5. I really enjoyed this one. I am not familiar with the source material, but this films feels like Miike’s

  6. I am not familiar with the source material, but this film feels like Miike’s version oF LOGAN.

  7. Mr Majestyk; I hate to say it, but this is one movie where you can’t get away from the photography and the costumes – but there’s action and movement enough for a dozen “regular” samurai Movies, so I guess we don’t have to talk about it.

  8. Liked this a lot. Definitely in the upper tier of Miike movies and heaps better than his other recent manga / anime adaptations.

  9. For the record: I don’t DISLIKE costumes or photography. They make a movie better. They just don’t ma

  10. For the record: I don’t DISLIKE costumes or photography. They’re important parts of the recipe. But they don’t make a movie good. All they can do is make a good movie better.

  11. I heard you the first time!

  12. For more insight into where I’m coming from, check out my recent comment at the end of the REVENANT review.

    The Revenant

    Right now THE REVENANT (from executive producer Brett Ratner) is being marketed as an Important Awards Contender type movie. It's the year's most Oscar-nominated film and the winner of the Golden Globe for Best Picture - Drama, so until THE BIG SHORT won the Producer's Guild award the other day it seemed like the frontrunner for the coveted title of Answer To Trivia Question About Which Lesser Movie Got Best Picture Instead Of MAD MAX: FURY ROAD. It's the latest from Alejandro G. Iñárritu, the least fun of the Three Amigos, but the one who got best picture, director and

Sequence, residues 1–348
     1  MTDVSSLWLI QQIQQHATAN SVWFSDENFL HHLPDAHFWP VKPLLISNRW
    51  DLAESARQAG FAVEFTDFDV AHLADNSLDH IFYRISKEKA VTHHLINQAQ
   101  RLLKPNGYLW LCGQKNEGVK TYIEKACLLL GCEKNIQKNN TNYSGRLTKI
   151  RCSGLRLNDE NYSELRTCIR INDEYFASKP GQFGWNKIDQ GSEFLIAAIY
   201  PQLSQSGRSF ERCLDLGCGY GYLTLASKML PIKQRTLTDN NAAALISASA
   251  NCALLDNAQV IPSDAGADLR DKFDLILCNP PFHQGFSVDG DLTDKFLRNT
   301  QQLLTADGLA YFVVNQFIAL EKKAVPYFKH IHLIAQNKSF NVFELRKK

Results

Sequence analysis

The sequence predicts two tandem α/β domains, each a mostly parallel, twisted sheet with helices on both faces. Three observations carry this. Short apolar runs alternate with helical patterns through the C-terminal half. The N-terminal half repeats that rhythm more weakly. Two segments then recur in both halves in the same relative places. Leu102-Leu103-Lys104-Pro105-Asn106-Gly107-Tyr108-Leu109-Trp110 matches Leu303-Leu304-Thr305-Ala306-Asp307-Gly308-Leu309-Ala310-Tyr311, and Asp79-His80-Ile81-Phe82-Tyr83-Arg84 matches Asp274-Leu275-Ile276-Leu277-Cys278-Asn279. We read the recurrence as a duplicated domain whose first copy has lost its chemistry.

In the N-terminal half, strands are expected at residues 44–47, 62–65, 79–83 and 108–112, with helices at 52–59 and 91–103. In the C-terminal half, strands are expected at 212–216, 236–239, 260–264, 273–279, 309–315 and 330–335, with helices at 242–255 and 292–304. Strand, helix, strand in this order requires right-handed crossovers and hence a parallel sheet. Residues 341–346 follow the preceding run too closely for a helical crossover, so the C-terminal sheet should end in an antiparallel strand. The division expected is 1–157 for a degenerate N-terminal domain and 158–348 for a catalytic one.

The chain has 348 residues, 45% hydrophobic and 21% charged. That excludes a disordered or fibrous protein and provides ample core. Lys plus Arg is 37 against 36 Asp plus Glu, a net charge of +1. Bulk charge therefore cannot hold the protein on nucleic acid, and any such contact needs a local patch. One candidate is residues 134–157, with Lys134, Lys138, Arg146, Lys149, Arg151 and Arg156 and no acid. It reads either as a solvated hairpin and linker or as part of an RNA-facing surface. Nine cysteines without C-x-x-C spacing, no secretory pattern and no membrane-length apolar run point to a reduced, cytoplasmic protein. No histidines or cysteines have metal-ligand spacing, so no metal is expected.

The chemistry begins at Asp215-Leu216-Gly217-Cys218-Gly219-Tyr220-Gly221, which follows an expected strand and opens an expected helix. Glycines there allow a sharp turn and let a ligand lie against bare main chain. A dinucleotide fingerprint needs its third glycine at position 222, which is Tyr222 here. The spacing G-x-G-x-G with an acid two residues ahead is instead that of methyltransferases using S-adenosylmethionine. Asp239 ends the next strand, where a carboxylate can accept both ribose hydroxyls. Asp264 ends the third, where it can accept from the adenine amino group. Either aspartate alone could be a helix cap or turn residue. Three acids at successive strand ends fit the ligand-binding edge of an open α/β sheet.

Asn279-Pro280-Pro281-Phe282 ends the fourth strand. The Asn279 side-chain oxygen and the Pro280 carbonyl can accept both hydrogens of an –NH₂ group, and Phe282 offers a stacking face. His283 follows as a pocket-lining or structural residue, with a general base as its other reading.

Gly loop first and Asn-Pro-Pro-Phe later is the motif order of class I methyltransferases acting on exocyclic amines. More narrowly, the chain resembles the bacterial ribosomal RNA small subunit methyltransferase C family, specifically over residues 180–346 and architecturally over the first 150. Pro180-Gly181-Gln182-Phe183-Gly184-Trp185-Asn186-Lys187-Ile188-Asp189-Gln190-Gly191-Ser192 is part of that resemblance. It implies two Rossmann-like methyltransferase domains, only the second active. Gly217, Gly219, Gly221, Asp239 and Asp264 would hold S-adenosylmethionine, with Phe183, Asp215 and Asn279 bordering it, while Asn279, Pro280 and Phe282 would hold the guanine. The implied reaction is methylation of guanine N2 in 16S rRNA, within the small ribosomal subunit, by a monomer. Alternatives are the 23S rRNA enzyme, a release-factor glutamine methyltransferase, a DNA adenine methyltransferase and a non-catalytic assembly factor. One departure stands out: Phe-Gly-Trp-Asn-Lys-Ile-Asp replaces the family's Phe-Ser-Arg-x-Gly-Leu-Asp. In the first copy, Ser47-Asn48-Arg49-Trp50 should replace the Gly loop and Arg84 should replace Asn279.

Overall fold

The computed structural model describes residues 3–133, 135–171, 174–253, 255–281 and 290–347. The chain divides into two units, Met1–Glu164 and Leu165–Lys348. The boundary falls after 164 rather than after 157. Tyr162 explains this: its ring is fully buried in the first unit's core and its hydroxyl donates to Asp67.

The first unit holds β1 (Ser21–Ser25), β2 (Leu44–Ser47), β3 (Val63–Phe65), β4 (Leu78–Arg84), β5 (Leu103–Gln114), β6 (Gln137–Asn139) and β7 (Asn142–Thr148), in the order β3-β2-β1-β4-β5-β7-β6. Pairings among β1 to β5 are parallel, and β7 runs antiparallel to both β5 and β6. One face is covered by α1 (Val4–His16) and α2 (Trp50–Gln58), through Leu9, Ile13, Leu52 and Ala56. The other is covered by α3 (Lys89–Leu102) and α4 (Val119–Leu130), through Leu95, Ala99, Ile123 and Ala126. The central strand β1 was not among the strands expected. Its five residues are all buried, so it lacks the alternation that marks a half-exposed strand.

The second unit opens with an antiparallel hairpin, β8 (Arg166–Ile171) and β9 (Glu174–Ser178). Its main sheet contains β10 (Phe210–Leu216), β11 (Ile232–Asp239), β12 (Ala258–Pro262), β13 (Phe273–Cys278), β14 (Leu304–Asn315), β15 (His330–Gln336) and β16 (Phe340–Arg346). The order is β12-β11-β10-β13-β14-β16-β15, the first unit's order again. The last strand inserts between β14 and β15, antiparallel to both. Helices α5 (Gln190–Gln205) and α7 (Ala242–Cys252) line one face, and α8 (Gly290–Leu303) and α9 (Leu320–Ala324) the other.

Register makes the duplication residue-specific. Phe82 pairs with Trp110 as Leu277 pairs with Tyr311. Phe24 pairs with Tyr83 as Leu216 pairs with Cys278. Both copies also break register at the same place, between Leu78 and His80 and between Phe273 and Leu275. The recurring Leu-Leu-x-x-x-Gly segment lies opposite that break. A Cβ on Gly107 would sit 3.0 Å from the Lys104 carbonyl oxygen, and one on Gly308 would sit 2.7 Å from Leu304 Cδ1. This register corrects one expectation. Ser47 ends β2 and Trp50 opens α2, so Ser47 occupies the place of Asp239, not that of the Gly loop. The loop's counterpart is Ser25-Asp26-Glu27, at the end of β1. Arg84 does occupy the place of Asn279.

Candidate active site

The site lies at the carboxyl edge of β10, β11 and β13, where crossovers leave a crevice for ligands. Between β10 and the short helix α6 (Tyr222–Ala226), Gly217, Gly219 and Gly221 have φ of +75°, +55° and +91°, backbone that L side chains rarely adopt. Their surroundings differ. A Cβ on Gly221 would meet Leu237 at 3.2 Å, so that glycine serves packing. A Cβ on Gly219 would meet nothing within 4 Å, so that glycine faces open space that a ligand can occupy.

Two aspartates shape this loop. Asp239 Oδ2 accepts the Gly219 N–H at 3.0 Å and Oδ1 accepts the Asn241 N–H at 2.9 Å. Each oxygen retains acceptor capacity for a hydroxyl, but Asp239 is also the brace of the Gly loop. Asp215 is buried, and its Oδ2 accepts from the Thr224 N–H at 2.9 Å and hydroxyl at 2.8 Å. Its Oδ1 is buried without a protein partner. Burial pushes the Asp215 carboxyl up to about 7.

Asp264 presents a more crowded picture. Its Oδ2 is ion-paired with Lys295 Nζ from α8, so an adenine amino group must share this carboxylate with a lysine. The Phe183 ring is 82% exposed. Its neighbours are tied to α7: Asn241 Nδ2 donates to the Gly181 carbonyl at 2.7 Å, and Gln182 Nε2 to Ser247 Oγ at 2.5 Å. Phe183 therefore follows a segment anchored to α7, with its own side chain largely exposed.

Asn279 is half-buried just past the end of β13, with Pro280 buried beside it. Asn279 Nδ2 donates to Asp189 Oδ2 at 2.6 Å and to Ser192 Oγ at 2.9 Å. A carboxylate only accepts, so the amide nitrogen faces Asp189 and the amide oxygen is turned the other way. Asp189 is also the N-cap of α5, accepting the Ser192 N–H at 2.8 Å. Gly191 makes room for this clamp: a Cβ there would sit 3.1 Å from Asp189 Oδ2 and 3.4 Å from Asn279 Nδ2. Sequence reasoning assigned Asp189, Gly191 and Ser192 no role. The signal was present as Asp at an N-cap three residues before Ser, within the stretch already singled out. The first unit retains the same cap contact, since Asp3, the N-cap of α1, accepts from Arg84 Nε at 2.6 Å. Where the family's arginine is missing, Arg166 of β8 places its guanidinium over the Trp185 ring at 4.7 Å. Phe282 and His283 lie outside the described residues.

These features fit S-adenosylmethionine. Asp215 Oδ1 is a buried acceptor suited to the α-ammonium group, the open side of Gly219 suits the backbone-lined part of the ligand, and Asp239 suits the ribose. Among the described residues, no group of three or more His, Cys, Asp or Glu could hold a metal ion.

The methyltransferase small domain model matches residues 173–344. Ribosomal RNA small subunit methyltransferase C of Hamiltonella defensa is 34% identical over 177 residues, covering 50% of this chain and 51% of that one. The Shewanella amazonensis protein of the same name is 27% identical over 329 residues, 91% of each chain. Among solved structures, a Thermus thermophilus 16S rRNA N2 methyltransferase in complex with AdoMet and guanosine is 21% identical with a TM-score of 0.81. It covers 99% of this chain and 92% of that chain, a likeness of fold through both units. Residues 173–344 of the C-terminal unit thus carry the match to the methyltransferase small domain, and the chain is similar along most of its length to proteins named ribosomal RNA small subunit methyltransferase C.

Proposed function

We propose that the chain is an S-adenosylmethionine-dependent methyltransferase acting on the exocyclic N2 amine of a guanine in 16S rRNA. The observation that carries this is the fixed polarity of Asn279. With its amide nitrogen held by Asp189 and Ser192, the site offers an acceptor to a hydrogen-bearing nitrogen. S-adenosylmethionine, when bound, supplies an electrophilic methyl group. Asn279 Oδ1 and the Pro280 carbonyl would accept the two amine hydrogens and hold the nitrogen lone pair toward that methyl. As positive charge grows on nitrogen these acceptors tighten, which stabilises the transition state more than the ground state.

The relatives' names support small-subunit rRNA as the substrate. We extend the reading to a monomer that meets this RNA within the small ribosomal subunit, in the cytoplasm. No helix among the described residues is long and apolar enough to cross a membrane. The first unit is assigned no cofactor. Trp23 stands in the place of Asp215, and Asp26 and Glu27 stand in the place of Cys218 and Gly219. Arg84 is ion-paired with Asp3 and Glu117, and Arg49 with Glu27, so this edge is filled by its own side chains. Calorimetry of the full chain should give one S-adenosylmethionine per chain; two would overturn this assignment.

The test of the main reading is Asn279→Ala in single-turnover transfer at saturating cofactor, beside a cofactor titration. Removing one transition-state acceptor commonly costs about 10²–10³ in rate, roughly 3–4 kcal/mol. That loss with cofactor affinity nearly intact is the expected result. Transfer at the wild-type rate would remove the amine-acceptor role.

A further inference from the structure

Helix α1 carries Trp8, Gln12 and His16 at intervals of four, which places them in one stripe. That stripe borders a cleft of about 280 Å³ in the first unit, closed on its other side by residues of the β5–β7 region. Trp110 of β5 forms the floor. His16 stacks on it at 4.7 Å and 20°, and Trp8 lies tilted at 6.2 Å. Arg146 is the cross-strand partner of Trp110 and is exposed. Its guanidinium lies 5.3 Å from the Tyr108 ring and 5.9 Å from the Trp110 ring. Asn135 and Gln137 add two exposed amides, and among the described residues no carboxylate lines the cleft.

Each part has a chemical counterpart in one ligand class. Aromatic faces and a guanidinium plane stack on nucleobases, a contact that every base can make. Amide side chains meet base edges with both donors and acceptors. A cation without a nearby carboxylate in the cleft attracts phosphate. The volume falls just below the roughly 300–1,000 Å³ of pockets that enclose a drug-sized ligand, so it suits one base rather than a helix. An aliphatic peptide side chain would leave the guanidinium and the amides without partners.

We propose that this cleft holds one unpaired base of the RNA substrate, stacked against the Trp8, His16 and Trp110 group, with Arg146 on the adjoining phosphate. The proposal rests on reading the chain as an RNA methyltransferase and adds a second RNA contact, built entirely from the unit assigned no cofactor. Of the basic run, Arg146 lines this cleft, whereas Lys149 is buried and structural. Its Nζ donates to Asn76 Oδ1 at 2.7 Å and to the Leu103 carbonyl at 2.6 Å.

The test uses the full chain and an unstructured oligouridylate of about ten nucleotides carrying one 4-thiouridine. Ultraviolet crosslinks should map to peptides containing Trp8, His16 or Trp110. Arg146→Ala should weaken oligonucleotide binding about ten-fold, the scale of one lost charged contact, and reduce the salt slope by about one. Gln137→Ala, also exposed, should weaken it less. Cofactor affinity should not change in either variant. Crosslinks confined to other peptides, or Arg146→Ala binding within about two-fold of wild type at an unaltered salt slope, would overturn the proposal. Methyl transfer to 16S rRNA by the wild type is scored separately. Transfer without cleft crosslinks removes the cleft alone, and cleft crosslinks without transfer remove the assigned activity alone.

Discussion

13. Relax, I’m messing with you. I’ve been around these parts for some years now, I know where you’re coming from. Just as I know you’re gonna like this movie.

  14. I know you’re just messing with me, and I’m pretty sure I’ll like BLADE OF THE EYE-ROLLING MANGA HORSESHIT too. I was just felt that THE REVENING summed up my thoughts on the matter pretty succinctly and felt like sharing. Also I’d like to hear what people think of it a couple years removed from the hype. I don’t think it holds up. Anybody else want to weigh in?

  15. I’ve always liked the Richard Harris version better. But I’ve been thinking about rewatching Leo and the bear for some time now, so I’ll probably do it over the weekend.

  16. I’d actually pretty much agree with your take on The Revenant. I saw it again on hbo or something not long ago. I respect it and I even like watching it, but it doesn’t stay with me afterwards. The only stuff that even comes close is Hardy’s enjoyably weaselly performance and the camerawork and direction. I remember how it *feels* (cold and lonely) more than anything specific about it.